The centre, showcasing recent innovations spanning many industries, will open in September
The 3M Customer Innovation Centre will be used to demonstrate solutions to customer challenges in diverse markets, including the pharmaceutical and healthcare
English physicist and former rock musician, Professor Brian Cox is to officially open the 3M Customer Innovation Centre in Bracknell, UK, in September.
3M has invested more than £2 million in the Customer Innovation Centre, which will be used to demonstrate how the company provides unusual solutions to customer challenges in diverse markets, including the pharmaceutical and healthcare sectors. The centre will also enable local school children to come and learn more about the application of technologies to encourage science-based careers, something that Cox and 3M believe is important to foster in the next generation.
3M’s drive for innovation has led to the development of more than 55,000 products. To ensure it continues to innovate, the company has been set a target of 40% of its sales coming from products that didn’t exist five years ago.
Drug delivery is one of the areas that the company has looked to innovate, offering new products in the pressurised metered dose inhalation (MDI) sector and needle free transdermal delivery.
In May, 3M Drug Delivery Systems division announced the company was to improve and expand its pressurised MDI facility in Loughborough, UK. The new investment will increase site capacity by more than 20%, and comes two years after the company expanded the capacity of its MDI facility in Northridge, California, US.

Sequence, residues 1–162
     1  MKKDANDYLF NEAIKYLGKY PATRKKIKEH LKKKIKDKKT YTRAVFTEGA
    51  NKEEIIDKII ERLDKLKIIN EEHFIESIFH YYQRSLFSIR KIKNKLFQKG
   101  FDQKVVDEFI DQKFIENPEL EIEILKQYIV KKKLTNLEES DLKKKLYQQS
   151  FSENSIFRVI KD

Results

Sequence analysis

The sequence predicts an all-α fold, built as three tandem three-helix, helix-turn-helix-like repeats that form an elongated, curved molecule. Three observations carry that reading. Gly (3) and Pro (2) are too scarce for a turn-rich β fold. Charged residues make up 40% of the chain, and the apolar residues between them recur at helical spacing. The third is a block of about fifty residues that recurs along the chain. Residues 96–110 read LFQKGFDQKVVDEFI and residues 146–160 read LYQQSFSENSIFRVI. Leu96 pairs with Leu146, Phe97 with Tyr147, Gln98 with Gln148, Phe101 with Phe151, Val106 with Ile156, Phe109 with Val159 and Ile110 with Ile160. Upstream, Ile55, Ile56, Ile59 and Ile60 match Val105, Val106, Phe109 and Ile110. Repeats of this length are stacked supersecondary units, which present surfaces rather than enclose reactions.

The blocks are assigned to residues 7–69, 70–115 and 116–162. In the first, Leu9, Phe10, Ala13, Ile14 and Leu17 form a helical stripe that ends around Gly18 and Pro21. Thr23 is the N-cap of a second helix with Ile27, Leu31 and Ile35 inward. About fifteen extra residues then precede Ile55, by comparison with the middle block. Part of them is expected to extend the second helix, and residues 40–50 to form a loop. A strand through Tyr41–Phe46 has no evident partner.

The company says the investment will provide extra capacity to meet future needs of branded and generic MDI markets. The Drug Delivery Systems division also plans to make its hollow microstructured transdermal systems (hMTS) ready for pharmaceutical and biotech companies interested in conducting preclinical studies later this year.
The 3M hollow microneedle technology offers a patient-friendly intradermal delivery solution for difficult to deliver biologics, and provides an updated design based on human factors testing and customer research.
'The progression of this technology has been so exciting, and now companies can take the next step – preclinical trials,' said Ingrid Blair, Vice President, Transdermal Business, 3M Drug Delivery Systems. 'Whether partners work with 3M to conduct these trials using our resources, or they simply need a supply of single-use 3M hMTS delivery systems for their own preclinical studies, they now have options.'
'With the new design improvements, 3M hMTS may provide valuable differentiation for drug products intended for dexterity-challenged patients while offering the capability to deliver liquid formulations of 0.5mL up to 2mL over a range of viscosities, the company said.